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Very newbie question and possibly obvious. I've been looking at purchasing a Reynolds 531 (frame only) to create a single speed bike. Are the brakes, wheels, gearing etc universal among all 531 frames?

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    Welcome to Bicycles @Djoni. We recommend that new members take the tour to make best use of the site. Reynolds 531 is a particular kind a steel tubing used to make frames. A given frame builder can use it to make any kind or size of bike. So no, Reynolds 531 doesn't imply anything else about the bike. But I'm sure others will answer with more useful suggestions and info. – andy256 Jan 12 '17 at 23:42
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No. 531 is a frame material from which any type of bike can be built. It's actually Reynolds 531 a brand name, from which different tubesets are made and they have also sold small quantities of raw tubing as well as custom butted tubes. That exact tubing is now somewhat dated, they sell newer compositions with different numbers now.

So all you can really say about a bike with 531 tubing is that it's probably more than 5 years old. It might be a touring bike, it might even be a load bike, but more likely it's a road or track racing bike.

If you're looking at buying a frame, first make sure it's designed to be built up the way you want (most importantly for you does it have horizontal dropouts). Then measure it and make sure it will fit. Best done by finding a bike that does fit you and comparing the measurements, since building up the frame will cost money.

Also, make sure you have a fork for it. Most likely a 1" threaded head tube, 622mm or 630mm fork. If it doesn't come with one it's very important that the first thing you acquire is a suitable fork. In the event you can't get one you would need to get one custom built and that will be expensive (this will most likely be because the forks you can find that fit look ugly because they're cheap). Best to make sure you can get that custom fork if you need it, before even buying the frame.

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    I don't think a newbie should start with spec'ing out a frame, but start with a complete bike and change it. Cheaper, and the initial bike will be all compatible. and easy to determine appropriate sizing. – Batman Jan 13 '17 at 15:19
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Reynolds 531 is just a type of steel tubing. There are tons of different bikes made from that -- road bikes, mountain bikes, cyclocross bikes, folding bikes, etc. and two different frames made from Reynolds 531 can require different parts.

However, bicycle parts follow certain standards (e.g. there are a few different wheel sizes in common use, and a few more in uncommon use). So, if you work with a bike shop or someone who knows bicycle parts, they should be able to find a set of parts to work with the frame (however, you should be sure that the frame is a good fit for you, which is difficult without having a bike to compare, especially if you don't know much about what you need in fit; building a bike from parts is generally more expensive than buying a complete one).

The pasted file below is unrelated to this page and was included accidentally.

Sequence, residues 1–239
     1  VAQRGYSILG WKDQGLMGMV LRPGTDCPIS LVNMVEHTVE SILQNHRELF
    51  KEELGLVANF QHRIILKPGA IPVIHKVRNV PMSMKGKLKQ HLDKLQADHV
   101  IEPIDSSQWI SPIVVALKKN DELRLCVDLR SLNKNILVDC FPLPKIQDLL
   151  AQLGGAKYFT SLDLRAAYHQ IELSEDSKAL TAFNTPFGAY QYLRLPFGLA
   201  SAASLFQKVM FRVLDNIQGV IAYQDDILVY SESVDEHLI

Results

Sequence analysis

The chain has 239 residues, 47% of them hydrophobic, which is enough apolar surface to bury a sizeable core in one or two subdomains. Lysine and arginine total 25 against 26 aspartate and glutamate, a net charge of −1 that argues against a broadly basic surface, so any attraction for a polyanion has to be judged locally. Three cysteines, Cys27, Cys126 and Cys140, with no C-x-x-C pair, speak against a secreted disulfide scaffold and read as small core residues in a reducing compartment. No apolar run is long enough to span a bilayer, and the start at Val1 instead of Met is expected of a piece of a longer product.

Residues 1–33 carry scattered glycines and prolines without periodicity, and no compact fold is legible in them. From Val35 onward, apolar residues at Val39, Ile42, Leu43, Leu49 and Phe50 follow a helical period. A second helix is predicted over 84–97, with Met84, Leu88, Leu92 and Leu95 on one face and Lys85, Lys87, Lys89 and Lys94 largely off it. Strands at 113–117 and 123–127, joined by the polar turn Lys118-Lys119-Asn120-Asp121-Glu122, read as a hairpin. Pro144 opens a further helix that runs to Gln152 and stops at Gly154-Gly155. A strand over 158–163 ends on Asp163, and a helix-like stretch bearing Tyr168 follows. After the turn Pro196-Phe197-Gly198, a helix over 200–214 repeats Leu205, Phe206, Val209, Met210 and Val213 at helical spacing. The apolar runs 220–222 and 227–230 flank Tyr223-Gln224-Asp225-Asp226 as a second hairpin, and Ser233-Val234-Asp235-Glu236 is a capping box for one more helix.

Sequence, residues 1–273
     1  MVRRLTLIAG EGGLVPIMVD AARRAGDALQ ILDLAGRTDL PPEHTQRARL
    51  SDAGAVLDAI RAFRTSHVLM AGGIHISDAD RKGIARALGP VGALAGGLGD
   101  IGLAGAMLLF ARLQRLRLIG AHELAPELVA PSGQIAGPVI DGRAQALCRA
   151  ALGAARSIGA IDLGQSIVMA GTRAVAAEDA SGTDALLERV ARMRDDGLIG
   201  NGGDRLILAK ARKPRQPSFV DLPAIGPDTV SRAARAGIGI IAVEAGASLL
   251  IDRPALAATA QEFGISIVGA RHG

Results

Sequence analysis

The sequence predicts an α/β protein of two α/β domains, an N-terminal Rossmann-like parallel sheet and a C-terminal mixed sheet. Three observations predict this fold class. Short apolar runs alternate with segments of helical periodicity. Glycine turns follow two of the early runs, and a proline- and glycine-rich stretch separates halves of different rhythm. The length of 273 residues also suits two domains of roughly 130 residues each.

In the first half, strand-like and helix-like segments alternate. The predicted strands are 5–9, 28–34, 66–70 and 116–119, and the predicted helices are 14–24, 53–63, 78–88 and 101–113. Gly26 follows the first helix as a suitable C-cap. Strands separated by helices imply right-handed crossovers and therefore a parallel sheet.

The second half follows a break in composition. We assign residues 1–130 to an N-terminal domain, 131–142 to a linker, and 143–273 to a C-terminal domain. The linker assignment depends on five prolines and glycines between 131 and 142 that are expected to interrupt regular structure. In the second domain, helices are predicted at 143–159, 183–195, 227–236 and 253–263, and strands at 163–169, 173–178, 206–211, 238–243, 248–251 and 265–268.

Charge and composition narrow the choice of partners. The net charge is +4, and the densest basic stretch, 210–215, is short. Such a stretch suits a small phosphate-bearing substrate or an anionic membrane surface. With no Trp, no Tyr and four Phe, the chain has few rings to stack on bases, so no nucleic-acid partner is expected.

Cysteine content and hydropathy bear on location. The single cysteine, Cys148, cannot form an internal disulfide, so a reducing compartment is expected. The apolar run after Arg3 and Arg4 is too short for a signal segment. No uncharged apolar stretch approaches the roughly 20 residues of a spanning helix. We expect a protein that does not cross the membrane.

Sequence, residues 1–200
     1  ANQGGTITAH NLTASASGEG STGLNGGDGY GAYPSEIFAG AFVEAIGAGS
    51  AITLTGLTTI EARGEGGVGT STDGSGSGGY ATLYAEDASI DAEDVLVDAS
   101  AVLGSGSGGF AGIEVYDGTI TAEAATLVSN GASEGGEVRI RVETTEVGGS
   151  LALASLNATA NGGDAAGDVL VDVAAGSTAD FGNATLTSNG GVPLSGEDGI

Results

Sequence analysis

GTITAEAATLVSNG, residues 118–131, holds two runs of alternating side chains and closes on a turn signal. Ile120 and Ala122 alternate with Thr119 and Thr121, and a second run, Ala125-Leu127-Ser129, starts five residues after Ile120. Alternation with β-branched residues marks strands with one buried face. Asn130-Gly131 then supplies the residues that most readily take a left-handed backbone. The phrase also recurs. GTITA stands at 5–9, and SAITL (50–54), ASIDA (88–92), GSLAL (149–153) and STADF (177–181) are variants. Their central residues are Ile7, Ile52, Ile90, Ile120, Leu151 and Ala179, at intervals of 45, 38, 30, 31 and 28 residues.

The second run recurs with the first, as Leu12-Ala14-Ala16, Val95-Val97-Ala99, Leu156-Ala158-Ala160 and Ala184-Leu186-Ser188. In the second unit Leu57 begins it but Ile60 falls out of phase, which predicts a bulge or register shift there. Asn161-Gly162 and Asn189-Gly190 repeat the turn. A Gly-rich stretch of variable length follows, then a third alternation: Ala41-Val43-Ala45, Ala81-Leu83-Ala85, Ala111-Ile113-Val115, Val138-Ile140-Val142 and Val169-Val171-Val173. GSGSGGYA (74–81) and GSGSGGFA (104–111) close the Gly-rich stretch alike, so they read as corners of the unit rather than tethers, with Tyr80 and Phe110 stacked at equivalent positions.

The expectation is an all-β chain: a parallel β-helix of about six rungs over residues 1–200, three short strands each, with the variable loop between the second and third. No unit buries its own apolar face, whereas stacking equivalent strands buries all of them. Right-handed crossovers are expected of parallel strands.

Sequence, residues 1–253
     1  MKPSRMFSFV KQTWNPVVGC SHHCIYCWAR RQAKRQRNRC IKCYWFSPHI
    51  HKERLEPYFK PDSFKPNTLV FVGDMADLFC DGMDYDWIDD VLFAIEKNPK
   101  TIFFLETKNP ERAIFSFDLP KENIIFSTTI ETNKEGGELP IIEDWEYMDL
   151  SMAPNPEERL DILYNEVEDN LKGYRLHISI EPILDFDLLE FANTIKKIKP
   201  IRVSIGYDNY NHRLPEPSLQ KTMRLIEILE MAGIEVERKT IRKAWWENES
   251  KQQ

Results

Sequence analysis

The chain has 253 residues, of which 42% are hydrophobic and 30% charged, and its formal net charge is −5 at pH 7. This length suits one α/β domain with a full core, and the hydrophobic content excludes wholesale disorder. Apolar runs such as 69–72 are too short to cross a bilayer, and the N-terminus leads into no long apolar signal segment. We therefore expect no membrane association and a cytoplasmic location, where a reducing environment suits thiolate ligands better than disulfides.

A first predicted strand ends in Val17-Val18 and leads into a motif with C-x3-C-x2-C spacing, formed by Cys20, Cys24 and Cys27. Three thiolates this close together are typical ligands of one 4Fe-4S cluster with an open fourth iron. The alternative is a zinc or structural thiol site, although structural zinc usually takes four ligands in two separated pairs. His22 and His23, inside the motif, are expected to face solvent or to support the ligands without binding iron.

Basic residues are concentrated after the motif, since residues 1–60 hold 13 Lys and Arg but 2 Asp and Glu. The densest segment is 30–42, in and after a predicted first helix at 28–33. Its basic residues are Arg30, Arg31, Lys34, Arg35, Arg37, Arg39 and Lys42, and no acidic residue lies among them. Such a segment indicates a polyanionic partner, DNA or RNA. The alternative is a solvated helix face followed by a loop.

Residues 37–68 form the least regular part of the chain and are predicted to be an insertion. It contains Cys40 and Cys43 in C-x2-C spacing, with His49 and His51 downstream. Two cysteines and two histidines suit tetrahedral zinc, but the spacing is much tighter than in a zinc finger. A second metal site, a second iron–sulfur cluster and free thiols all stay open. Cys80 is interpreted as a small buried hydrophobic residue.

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I just built up a single-speed out of a frame that happened to be made of Reynolds 531 double-butted steel tubing. It is actually from an old Sears Free Spirit ten speed bike, most of which were made of low-quality, "gas-pipe" steel, but this one is a cut above, and I'm pleased.

Building a bike from the frame up is fun, and a great way to learn about bicycles, but it is difficult for someone inexperienced, and can be surprisingly expensive. One suggestion I'd have would be to find a bike collective in your area--we have one where I live called "Freeride Pittsburgh." I haven't used it much--I've found other mentors and we have a unique bike shop here that is, essentially, a do-it-yourself shop with a lot of support--but others have and found it very helpful. They'll have lots of frames, parts, and most important, volunteers and staff, along with other folks learning to wrench, who can help you.

So I'd say don't worry too much about hunting down a particular type of tubing for your frame, though Reynolds 531 is nice material if you find an old frame made of it and it's in decent shape. Just find a place where you'll get the support you could use, find a frame that seems like it will be a good fit, make sure it has horizontal dropouts (or be prepared to use an old derailleur as a chain-tensioner--some folks think that defeats the purpose, but it works), and get to work! You'll bash your knuckles, strain your eyes looking for tiny screws, nuts, bolts and springs you drop, ruin your clothes with grease, never get your hands clean, strain your budget because you just had to buy that new tool that you'll likely use twice a year, strain your marriage if you're in one as you discover the "n+1" and "s-1" equations to justify multiple bikes, utter curses you didn't know you knew, but you'll feel great when everything finally works right and transcendent when you roll down the street on your Frankenbike!

And I'd second what others have said: there's nothing wrong with starting with a full bike and improving it when you're a beginner. It took me years before I did a full build, and every little skill you master helps you get there, but if you're inclined, go for it!

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    Welcome to the site! There's lots of good advice here, but I'm not sure you've really answered the question (although the question does seem to be based on a misconception). Please take a moment to look at our tour for more information on how the site works. – David Richerby Oct 29 '17 at 22:42

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